Vietnam Plans To Ensure Long-Term Food Security

June 6 (EIRNS)—Vietnam, a rice-surplus nation, plans to protect at least 3.9 million hectares of prime rice fields to ensure long-term national food security, the state-run newspaper Tuoi Tre announced.

The move comes amid the global surge of grain prices, and aims to preserve a core growing area from the burgeoning demand for industrial parks and urban development. In China, the rapid growth of urban areas and industrial facilities took away almost 8 million hectares of arable land.

Urban development has seen thousands of Vietnamese rice farmers lose their ancestral lands, driving a steady series of demonstrations outside government offices by farmers, who typically complain they received insufficient compensation. In a protest last month, hundreds of farmers in central Nghe An province set up roadblocks to stop the building of an industrial park, claiming they were short-changed by developers, the Thanh Nien daily reported.

To ensure food security and win back the confidence of the farmers, Deputy Prime Minister Hoang Trung Hai has instructed the Agriculture Ministry to prepare a Rice Cultivation Land Management decree and submit it for approval in the third quarter of this year. The ministry also plans to set up a national rice reserve of 100,000 tons to help stabilize distribution and meet domestic demand when market prices fluctuate, the state-run Vietnam News Agency reported.

Undermined, Britain Tries To Destabilize Sri Lanka

June 6 (EIRNS)—An explosion in a crowded passenger bus near Colombo, Sri Lanka, today, killed at least 22 people and injured scores. Brigadier Nananyakkra, Sri Lanka's military spokesman, said the Liberation Tigers of Tamil Eelam (LTTE)—better known as Tamil Tigers—were behind the explosion.

In recent months, the British-run Tigers were marginalized, partly because of President Mahinda Rajapakse's adroit diplomacy, which made the nation's ports available for naval ships of China, India, and the United States. Former colonial ruler, Britain, where most Sri Lankan elites were educated, had a firm grip on both sides of the nearly 25-year-old civil war. However, Britain is fast losing control over the geographically strategic island in the Indian Ocean. Rajapkse's speech on June 3 at the FAO Summit at Rome reflected his opposition to globalization and resentment toward the international financial institutions.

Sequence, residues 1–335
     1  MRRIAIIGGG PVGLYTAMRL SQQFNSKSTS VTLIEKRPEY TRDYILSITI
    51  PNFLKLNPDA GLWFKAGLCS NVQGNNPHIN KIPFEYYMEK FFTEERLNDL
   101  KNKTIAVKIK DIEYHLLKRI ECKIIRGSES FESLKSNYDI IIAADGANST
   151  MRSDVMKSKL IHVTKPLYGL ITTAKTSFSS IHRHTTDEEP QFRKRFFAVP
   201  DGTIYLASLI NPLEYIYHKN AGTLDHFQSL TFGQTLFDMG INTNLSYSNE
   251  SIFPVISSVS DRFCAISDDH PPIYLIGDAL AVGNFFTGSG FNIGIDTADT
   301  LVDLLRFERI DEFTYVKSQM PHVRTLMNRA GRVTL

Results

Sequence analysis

As a result, Britain is now helping the Tigers to destabilize Rajapakse, and prolong the civil war.

In the early 1970s, the LTTE began establishing training camps and secret arms caches under the cover of a chain of Refugee and Rehabilitation Farms of the Gandhian Society. Funds for the farms came from Oxfam (Oxford Famine Relief), a non-governmental organization with British intelligence connections.

Author John Glover wrote to the Western Mail in Wales about the training of Tamil youth by British mercenaries in the 1980s: "A band of mercenary soldiers recruited in South Wales is training a Tamil army to fight for a separate state in Sri Lanka. About 20 mercenaries were signed up after a meeting in Cardiff and have spent the last two months in southern India preparing a secret army to fight the majority Sinhalas...."